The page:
X Ray Fashion by Francesco Carrozzini aims to see right through a toxic industry
By Chiara Spagnoli Gabardi
What would it feel like to work in a sweatshop? How would it smell? What would it sound like? It seems most fashion consumers don’t really think much about that, or if they do, it’s definitely in the abstract. Even watching it on TV doesn’t make much of an impact, given that we are so desensitised by all the violence we are constantly bombarded with.
But one Italian filmmaker, Francesco Carrozzini, is doing the next best thing to taking shoppers by the hand to visit the makers of their clothing. He’s putting his cinematic skills to the service of a remarkable VR installation that allows users to experience what it’s like to be in a sweatshop for themselves.
In fact, it does much more! It’s a cinematic VR experience that guides the viewer through different stages of garment production, from cotton farm to sweatshop; from catwalk to consumer purchase to the afterlife of the garment.
X-Ray Fashion, which premiered in Competition at the 75th Venice Film Festival, uses the futuristic medium to convey a strong political message about the fashion industry, which is responsible for 20% of global wastewater and 10% of global carbon emissions, as well as being linked to human rights violations.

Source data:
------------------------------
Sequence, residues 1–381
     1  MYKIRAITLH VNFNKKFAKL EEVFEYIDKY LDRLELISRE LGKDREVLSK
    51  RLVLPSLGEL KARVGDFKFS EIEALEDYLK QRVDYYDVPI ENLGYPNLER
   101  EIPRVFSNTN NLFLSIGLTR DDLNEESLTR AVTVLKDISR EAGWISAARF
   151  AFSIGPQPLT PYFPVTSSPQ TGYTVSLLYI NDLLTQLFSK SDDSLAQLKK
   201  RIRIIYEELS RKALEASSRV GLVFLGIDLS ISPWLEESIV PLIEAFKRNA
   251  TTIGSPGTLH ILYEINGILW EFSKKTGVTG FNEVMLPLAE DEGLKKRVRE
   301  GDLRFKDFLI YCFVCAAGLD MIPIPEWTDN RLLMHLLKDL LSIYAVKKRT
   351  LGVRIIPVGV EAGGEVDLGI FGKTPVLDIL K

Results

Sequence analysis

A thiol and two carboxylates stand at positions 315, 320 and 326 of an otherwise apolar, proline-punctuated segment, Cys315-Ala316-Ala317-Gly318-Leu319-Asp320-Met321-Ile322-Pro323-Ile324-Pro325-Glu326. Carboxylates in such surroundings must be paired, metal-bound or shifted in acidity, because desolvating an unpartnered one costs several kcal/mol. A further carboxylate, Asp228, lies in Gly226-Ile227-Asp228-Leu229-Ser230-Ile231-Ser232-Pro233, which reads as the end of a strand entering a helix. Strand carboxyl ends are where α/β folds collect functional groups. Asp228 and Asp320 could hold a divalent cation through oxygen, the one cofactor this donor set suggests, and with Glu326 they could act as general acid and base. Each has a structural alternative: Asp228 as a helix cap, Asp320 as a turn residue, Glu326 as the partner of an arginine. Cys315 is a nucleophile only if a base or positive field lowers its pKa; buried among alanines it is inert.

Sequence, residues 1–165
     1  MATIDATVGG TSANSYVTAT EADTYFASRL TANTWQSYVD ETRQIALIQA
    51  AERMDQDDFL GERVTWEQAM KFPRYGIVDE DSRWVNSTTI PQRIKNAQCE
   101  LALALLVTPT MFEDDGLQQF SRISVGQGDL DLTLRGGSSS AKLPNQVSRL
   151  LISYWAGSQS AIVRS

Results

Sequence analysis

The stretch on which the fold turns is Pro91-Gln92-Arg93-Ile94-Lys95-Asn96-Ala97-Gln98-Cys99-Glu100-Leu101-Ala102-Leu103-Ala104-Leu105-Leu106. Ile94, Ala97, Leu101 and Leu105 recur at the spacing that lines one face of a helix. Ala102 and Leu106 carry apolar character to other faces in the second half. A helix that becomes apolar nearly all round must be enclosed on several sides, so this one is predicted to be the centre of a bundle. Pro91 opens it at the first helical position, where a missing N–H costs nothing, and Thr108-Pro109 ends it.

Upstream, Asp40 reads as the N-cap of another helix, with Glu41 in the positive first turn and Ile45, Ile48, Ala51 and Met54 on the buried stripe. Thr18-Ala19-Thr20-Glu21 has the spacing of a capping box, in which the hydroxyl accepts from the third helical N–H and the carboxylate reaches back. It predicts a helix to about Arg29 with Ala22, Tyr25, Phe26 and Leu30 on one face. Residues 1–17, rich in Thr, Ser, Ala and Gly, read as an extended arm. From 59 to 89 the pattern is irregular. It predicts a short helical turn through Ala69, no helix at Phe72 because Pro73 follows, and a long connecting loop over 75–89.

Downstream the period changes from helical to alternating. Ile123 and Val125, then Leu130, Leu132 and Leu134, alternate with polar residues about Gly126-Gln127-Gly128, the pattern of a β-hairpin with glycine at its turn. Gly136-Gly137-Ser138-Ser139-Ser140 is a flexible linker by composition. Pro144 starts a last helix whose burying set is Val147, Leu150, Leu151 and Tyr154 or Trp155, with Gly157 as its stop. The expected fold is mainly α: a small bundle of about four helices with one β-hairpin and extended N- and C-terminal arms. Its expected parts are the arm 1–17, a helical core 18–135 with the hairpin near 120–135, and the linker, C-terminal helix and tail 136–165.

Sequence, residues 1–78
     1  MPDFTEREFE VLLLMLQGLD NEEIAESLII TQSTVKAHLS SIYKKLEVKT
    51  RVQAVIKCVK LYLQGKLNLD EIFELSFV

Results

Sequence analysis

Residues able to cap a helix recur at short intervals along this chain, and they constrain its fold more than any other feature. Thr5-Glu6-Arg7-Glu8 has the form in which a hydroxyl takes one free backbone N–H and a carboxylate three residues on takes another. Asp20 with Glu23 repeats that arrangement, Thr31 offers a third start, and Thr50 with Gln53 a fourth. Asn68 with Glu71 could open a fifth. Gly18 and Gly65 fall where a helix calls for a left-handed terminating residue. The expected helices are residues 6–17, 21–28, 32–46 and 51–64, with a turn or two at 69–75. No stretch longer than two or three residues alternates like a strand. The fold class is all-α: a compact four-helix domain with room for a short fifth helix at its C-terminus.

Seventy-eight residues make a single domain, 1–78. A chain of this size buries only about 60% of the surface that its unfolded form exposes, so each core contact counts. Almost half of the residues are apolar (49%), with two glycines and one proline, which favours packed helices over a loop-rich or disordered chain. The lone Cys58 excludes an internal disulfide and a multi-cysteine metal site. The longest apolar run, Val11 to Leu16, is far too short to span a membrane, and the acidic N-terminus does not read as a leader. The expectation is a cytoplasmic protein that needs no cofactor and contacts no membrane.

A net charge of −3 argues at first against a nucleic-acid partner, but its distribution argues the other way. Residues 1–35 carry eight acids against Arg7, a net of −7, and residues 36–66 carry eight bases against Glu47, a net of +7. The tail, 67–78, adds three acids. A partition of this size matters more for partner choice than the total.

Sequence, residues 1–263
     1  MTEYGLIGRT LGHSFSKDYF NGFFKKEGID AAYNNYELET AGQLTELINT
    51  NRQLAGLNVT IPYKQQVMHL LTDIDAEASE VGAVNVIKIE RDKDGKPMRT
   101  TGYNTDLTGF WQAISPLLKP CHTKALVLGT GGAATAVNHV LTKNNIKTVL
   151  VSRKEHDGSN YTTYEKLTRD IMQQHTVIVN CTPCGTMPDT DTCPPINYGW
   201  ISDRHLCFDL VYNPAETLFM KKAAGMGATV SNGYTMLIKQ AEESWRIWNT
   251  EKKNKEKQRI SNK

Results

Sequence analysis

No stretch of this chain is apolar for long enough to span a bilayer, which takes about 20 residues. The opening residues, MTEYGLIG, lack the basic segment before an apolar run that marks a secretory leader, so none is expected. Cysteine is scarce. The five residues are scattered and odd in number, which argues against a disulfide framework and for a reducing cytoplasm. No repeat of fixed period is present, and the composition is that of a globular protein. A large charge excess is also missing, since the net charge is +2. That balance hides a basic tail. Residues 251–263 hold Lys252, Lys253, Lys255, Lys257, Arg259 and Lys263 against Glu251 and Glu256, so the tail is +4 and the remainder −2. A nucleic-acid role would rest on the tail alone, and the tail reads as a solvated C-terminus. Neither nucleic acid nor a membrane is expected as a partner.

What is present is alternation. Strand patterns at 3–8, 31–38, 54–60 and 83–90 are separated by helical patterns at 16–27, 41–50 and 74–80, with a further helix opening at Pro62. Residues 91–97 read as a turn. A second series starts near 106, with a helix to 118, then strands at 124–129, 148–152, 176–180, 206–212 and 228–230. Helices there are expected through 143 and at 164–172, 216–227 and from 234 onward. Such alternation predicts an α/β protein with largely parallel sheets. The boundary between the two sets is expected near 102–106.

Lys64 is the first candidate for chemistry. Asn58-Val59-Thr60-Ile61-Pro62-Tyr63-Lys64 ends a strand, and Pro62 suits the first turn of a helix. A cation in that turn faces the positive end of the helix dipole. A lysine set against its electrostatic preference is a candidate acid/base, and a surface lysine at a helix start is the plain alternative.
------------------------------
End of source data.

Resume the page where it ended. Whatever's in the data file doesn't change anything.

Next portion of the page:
Carrozzini was enlisted by the World Bank Group’s Connect4Climate, Vulcan Productions and Alcantara, after the Danish VR/AR company MANND won the Uniting4Climate Virtual Reality Pitch Competition. The film director and fashion photographer (who also happens to be the son of the sadly deceased Vogue Italia editor, Franca Sozzani), was the perfect storyteller for this topic, since he literally grew up surrounded by the fashion industry.
In this exclusive interview, Carrozzini talks about X Ray Fashion, virtual reality and remembering his iconic mom through science.
Considering your background in film, how did you approach VR?
It was like walking in the dark! MANND is the company that won the World Bank contest last year, promoting Connect for Climate. They already had an installation in Venice during last year’s festival called Separate Silence, so their script won the funding and they had to attach a director to the project. Giulia Braga, from the World Bank, with whom I had already collaborated in the past, contacted me to direct this VR project.
I had never done virtual reality, but when she described the information that was going to be part of the project, portraying the amount of waste and pollution that goes into making a pair of jeans, I was very intrigued. I also called my dear friend Livia Firth — who runs Eco Age — and asked her opinion and she encouraged me to do it. I’m very close to the Firth family. I went to Livia’s Green Carpet Award, and thanks to her I decided to get involved in X-Ray Fashion.